International Womens Day came into being as women fought for their rights: rights to vote, to have fair working conditions, to be equal, to have self-determination. In New York in 1909, 15,000 women took to the streets to demand shorter hours, better pay, and voting rights.
In 1910, Clara Zetkin, the leader of the Women’s Office for the Social Democratic Party in Germany tabled the idea of an International Women’s Day at the second International Conference of Working Women in Copenhagen.
In 1911 in NY 146 young women died in a fire in less than 20 minutes at the Triangle Waist Company because they were trapped inside the workshop and could not escape. That tragedy galvanized workers around the world and helped to further unite the women’s equality movement to the struggle for workers’ rights. By 1913, socialist organizations and labor unions in various countries began to celebrate International Women’s Day on March 8, the Smithsonian Magazine reports.
On the eve of World War I, 27 July 1914, campaigning for peace, Russian women observed their first International Women’s Day on February 23, the last Sunday in February. On the last Sunday of February, Russian women began a strike for ‘Bread and Peace’ in response to the death of over 2 million Russian soldiers in World War 1. Opposed by political leaders, the women continued to strike until four days later the Czar was forced to abdicate and the provisional Government granted women the right to vote.
International Women’s Day was marked for a first time by the United Nations in 1975.’
Lismore Women’s Festival events
It was women gathering, talking, taking action and making choices that would see them all benefit in the long run that made change. Launching today, the Lismore Women’s Festival is running events over four days across a number of venues throughout Lismore and surrounds.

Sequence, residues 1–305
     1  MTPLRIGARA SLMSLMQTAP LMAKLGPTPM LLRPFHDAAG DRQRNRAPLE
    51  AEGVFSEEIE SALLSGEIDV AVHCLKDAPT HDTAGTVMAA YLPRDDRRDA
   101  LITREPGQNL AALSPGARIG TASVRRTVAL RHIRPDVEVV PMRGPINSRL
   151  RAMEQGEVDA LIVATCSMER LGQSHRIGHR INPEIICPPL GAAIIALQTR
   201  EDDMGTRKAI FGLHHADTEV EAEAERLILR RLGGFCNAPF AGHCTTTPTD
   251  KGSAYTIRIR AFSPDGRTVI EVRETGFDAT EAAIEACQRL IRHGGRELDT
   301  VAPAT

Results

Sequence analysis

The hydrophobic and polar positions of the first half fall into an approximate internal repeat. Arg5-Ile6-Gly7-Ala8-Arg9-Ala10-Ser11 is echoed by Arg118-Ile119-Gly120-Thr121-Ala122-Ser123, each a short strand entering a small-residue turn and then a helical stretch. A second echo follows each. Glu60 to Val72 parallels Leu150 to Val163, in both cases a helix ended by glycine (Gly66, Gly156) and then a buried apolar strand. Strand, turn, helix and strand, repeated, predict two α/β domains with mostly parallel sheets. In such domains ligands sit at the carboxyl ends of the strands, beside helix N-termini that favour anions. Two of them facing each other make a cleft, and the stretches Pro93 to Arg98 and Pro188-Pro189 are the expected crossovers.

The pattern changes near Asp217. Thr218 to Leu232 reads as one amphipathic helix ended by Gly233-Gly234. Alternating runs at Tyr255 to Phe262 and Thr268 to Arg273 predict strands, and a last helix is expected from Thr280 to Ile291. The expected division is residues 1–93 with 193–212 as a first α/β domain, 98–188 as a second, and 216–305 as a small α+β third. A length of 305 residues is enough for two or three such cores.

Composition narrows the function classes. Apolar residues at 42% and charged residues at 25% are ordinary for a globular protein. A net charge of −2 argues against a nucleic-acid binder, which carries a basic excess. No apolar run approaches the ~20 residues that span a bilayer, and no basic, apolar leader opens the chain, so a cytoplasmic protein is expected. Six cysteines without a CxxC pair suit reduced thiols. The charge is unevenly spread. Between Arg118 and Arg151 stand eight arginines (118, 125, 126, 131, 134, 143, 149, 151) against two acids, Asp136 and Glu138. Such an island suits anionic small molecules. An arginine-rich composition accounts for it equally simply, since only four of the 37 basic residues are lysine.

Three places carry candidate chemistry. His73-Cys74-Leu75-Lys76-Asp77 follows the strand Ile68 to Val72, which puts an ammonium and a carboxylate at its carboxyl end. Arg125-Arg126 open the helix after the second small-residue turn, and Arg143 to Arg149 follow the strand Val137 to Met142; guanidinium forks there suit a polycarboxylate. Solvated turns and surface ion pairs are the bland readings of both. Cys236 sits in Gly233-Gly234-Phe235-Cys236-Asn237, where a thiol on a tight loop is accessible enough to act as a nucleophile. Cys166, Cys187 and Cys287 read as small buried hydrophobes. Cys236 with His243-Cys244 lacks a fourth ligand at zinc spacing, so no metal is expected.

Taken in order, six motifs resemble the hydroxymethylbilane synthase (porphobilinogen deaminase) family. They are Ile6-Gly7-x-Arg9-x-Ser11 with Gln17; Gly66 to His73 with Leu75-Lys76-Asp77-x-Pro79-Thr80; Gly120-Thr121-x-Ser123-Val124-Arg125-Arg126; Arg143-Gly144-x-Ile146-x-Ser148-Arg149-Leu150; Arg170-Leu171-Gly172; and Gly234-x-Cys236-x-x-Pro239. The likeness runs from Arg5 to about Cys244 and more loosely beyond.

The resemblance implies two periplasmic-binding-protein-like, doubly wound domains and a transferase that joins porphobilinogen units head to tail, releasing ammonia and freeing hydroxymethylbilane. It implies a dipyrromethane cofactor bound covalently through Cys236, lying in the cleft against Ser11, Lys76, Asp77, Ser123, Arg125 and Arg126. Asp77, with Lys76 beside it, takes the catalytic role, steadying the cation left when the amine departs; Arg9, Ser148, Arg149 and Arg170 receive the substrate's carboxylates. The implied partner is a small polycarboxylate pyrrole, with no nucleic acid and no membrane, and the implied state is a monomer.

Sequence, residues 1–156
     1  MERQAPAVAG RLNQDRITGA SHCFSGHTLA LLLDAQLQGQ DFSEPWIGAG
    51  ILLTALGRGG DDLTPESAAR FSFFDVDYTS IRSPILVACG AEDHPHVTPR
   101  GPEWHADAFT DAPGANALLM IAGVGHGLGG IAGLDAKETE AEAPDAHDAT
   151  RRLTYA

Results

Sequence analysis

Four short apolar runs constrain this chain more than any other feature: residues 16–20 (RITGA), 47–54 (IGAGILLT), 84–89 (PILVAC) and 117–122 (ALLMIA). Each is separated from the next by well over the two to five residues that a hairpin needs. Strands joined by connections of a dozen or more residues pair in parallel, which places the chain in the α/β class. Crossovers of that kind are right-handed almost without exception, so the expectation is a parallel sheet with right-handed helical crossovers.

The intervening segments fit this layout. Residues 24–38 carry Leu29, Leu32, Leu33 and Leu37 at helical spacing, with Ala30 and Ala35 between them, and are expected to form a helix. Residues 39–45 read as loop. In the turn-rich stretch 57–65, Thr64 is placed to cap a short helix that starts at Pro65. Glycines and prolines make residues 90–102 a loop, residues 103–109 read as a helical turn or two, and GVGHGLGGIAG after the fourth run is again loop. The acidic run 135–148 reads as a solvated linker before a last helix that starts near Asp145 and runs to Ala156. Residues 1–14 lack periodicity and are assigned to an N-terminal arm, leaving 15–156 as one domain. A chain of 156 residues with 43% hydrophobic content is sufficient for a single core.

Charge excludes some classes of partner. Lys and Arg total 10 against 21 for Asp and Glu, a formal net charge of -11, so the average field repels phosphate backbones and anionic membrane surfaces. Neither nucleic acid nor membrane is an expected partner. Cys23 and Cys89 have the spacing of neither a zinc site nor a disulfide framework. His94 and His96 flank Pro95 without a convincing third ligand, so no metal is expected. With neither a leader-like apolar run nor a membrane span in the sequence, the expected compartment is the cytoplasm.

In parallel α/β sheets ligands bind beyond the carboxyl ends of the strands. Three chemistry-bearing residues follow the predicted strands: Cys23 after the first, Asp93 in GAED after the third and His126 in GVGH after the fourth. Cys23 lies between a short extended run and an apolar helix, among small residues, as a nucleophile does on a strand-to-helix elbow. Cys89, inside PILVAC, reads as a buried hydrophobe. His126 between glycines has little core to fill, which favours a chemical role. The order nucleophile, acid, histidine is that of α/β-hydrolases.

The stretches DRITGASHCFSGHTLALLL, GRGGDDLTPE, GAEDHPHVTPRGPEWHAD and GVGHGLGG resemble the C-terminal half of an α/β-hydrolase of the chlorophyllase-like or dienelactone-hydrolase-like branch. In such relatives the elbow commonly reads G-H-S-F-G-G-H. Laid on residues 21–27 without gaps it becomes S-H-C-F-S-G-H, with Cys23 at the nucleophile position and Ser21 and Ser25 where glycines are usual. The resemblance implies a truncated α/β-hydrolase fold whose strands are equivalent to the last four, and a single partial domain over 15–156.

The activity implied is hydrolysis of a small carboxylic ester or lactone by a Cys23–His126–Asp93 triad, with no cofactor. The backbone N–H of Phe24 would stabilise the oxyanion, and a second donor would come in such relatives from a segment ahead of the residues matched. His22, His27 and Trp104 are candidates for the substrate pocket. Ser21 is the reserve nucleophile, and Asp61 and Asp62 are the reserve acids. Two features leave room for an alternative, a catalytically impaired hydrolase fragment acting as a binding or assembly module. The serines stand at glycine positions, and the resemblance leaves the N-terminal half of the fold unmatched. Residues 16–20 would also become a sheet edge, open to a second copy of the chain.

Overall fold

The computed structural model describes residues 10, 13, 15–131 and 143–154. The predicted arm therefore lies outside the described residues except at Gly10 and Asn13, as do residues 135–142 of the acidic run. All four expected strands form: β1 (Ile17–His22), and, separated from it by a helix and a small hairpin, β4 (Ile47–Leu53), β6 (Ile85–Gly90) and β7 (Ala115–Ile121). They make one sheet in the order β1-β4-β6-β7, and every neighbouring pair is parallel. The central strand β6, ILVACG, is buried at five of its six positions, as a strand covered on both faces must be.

Hosted for 2023 by Northern Rivers Women and Children’s Services Inc. (NORWACS) the ‘Lismore Women’s Festival is an inclusive event celebrating International Women’s Day and specifically women of Lismore,’ said a spokesperson for the festival.
‘Over four days women can join in to share experiences, learn new ways to reenergise and take time to discover new ways to enrich their lives. The festival is a welcome return after last year’s cancellation due to the floods.’
NORWACS are welcoming and hosting all to morning tea and a series of 15-minute taster sessions from 10am to 1pm at their premises at 60 Uralba Street, Lismore. The sessions include presentations from the team at Heartfelt House, a program for women survivors of childhood sexual abuse, Sleep –- Are you Getting Enough? and Mindful Self Compassion.
‘We are delighted to host Lismore Women’s Festival 2023, it’s so important to recognise and celebrate women’s contributions to our community,’ said Kelly Banister, NORWACS CEO.
‘The festival also provides the opportunity for women to pause, restore and connect with other women and themselves after what has been a highly traumatic time for our region.’
Throughout the festival there are a range of events to celebrate women and give time to nurture and restore balance. The therapeutic benefits of the arts feature strongly in both visual arts, collage and mandala sessions and performance arts, instrumental band sessions and celebration of songs and movement.
Health and wellbeing are essential parts of the festival and there are a range of workshops, many free or by donation, for yoga, reiki and sound healing. Included in the program is an information presentation on breastfeeding while working, studying or volunteering, providing a safe space for breastfeeding mums to have all their questions answered.
Booking is recommended for sessions and full program details can be found on: https://www.facebook.com/lismorewomensfestival.